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This eBook from the Gutenberg Project consists of approximately 408 pages of information about The Odd Women.

‘Intend?  Isn’t it for you to decide?’

There was a coldness in the words of both, partly the result of the great shock they had undergone, in part due to their impatience with each other.

’Darling—­do what I proposed at first.  Stay for a few days, until I am settled at Bordeaux.’

‘Stay with my—­my husband?’

She used the word purposely, significantly, to see how it would affect him.  The bitterness of her growing disillusion allowed her to think and speak as if no ardent feeling were concerned.

’For both our sakes, dearest, dearest love!  A few days longer, until I have written to you, and told you exactly what to do.  The journey won’t be very difficult for you; and think how much better, dear Monica, if we can escape discovery, and live for each other without any shame or fear to disturb us.  You will be my own dear true wife.  I will love and guard you as long as I live.’

He embraced her with placid tenderness, laying his cheek against hers, kissing her hands.

‘We must see each other again,’ he continued.  ’Come on Sunday, will you?  And in the meantime find out some place where I could address letters to you.  You can always find a stationer’s shop where they will receive letters.  Be guided by me, dear little girl.  Only a week or two—­to save the happiness of our whole lives.’

Monica listened, but with half-attention, her look fixed on the floor.  Encouraged by her silence, the lover went on in a strain of heightening enthusiasm, depicting the raptures of their retirement from the world in some suburb of Bordeaux.  How this retreat was to escape the notice of his business companions, through whom the scandal might get wind, he did not suggest.  The truth was, Bevis found himself in an extremely awkward position, with issues he had not contemplated, and all he cared for was to avert the immediate peril of public discovery.  The easy-going, kindly fellow had never considered all the responsibility involved in making mild love—­ timorously selfish from the first—­to a married woman who took his advances with desperate seriousness.  He had not in him the stuff of vigorous rascality, still less the only other quality which can support a man in such a situation as this—­heroism of moral revolt.  So he cut a very poor figure, and was dolefully aware of it.  He talked, talked; trying to disguise his feebleness in tinsel phrases; and Monica still kept her eyes cast down.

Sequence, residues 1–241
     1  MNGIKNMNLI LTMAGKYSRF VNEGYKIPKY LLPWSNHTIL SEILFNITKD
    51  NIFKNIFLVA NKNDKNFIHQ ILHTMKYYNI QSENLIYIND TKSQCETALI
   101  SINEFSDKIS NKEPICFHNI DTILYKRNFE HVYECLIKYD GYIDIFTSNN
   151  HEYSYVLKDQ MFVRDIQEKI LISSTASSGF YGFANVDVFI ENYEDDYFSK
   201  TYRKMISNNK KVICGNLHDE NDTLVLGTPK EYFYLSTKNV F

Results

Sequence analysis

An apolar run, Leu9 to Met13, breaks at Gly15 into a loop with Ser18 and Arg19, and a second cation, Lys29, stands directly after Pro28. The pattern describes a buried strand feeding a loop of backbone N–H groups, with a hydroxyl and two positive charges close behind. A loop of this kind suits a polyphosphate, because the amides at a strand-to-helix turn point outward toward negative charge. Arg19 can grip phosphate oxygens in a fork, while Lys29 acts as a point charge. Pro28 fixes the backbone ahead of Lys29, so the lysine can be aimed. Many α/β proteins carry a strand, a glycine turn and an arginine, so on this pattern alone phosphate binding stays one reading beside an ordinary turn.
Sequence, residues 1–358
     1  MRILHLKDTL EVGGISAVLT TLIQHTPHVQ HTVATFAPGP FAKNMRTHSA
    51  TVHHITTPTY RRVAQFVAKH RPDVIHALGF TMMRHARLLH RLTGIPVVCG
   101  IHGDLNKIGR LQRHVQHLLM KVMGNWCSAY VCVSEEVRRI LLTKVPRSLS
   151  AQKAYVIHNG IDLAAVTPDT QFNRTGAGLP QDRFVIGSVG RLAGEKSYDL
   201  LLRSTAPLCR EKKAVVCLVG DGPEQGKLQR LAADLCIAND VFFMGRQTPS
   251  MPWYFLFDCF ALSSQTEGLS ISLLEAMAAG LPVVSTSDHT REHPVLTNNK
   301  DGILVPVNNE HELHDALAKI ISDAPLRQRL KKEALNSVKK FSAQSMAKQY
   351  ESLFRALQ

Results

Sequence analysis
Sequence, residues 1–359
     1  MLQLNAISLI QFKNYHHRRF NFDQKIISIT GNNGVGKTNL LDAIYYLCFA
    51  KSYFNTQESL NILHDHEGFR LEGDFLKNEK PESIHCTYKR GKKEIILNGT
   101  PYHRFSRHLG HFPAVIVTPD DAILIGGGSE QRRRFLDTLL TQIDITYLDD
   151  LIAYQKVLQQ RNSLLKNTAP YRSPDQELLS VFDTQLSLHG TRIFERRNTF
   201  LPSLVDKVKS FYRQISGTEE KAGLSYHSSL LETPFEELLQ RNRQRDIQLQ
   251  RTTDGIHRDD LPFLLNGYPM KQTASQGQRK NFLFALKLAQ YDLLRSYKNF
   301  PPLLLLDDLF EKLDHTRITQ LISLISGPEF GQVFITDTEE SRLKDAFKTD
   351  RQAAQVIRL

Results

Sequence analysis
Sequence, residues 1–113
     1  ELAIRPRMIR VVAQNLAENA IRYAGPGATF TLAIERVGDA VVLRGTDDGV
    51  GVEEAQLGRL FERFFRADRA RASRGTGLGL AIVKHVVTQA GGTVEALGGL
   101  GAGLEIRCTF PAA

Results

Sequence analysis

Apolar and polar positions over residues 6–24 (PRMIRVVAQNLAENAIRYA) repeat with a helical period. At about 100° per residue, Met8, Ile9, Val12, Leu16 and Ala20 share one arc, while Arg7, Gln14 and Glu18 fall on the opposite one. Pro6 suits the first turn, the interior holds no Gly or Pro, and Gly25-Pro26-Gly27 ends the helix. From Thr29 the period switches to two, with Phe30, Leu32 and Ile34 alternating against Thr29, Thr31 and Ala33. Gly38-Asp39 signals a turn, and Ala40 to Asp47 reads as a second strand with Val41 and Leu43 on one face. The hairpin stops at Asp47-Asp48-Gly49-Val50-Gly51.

When another half-hour had passed, she sighed deeply and rose from her seat.  She would write to him, she said, and let him know where a reply would reach her.  No, she must not come here again; all he had to tell her would be communicated by letter.  The subdued tone, the simple sadness of her words, distressed Bevis, and yet he secretly congratulated himself.  He had done nothing for which this woman could justly reproach him; marvellous—­so he considered—­had been his self-restraint; absolutely, he had behaved ’like a gentleman.’  To be sure, he was miserably in love, and, if circumstances by any means allowed of it, would send for Monica to join him in France.  Should the thing prove impossible, he had nothing whatever on his conscience.

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